Today in our Persuasive Communications class we were asked to fill out a questionnaire to determine our personal approaches to conflict. We were not told what the approaches were until we had found our match in order to get a true result. The approaches, by Huczynski and Buchanan (2004), include:
1. Competing/Forcing: Get your own way (my score was 12)
2. Avoiding: Avoid having to deal with conflict (my score was 7)
3. Compromising: Reach an agreement quickly (my score was 9)
4. Accomodating: Don't upset the other person(my score was 10)
5. Collaborating: Solve the problem together (my score was 13)
I am satisfied with my scores because whilst I have a spread across the different approaches, my highest score is in the collaborative method which is seen as the ideal. However this questionnaire only determines where you sit naturally, and does not necessarily mean that I have the ability to determine when an alternative approach is required. If this result is true, I am probably more likely to switch to the competing/forcing approach when things go wrong.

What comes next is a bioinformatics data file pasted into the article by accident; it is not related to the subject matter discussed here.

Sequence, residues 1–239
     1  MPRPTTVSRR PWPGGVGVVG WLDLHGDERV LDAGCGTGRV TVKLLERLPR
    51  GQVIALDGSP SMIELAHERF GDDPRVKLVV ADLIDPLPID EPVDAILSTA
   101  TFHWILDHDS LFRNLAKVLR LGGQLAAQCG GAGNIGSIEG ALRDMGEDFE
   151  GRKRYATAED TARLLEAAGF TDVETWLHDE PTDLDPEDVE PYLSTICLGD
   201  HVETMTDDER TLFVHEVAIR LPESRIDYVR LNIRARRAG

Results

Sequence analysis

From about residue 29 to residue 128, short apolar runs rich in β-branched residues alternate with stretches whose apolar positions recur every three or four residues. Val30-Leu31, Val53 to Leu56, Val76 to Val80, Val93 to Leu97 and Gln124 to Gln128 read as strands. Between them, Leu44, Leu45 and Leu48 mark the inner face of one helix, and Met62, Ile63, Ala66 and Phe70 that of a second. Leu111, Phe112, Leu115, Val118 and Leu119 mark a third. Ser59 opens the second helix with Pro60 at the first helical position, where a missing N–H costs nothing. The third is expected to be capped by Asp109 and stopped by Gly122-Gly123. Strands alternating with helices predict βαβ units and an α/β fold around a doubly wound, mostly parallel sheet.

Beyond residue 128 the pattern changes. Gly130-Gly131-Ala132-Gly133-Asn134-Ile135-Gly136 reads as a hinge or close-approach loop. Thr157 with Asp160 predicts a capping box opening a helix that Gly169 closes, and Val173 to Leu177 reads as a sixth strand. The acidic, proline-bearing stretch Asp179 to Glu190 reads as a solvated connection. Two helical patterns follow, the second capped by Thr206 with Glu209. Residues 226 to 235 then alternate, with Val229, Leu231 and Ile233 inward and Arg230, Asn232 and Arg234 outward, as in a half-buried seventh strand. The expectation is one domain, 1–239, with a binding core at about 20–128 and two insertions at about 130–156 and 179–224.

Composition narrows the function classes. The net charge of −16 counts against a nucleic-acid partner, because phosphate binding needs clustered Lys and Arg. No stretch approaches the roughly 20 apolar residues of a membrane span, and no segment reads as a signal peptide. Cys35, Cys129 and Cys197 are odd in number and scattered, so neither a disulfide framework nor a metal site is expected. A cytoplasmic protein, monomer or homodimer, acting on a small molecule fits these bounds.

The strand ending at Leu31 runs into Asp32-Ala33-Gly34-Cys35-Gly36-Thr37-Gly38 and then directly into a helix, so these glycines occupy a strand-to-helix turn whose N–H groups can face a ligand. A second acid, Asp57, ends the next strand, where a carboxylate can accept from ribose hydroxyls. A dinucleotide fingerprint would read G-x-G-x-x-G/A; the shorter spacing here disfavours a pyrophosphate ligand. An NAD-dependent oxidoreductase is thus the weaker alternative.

The five mentioned approaches are based on two dimensions - how assertive or unassertive each party is in pursuing its own concerns, and how co-operative or uncooperative each party is in satisfying the concerns of the other. The following graph that illustrates this:
1. Interest-based: Attempts to help parties find a resolution that satisfies their needs and interest e.g. mediation during a divorce
2. Rights-based: Attempts to determine which party's position is more valid e.g. legal code
3. Power-based: Each party coerces the other into doing what that party wants e.g. strikes by employees
(Conrad and Scott Poole, 2005)
Conflicts may begin with one of these types of resolution and move on to another. For example, the Royal Mail strikes have shifted between all three types of resolution over many years. If only to be a fly on the wall at the TUC meetings between RM bosses and the CWU and note the conflict styles in play!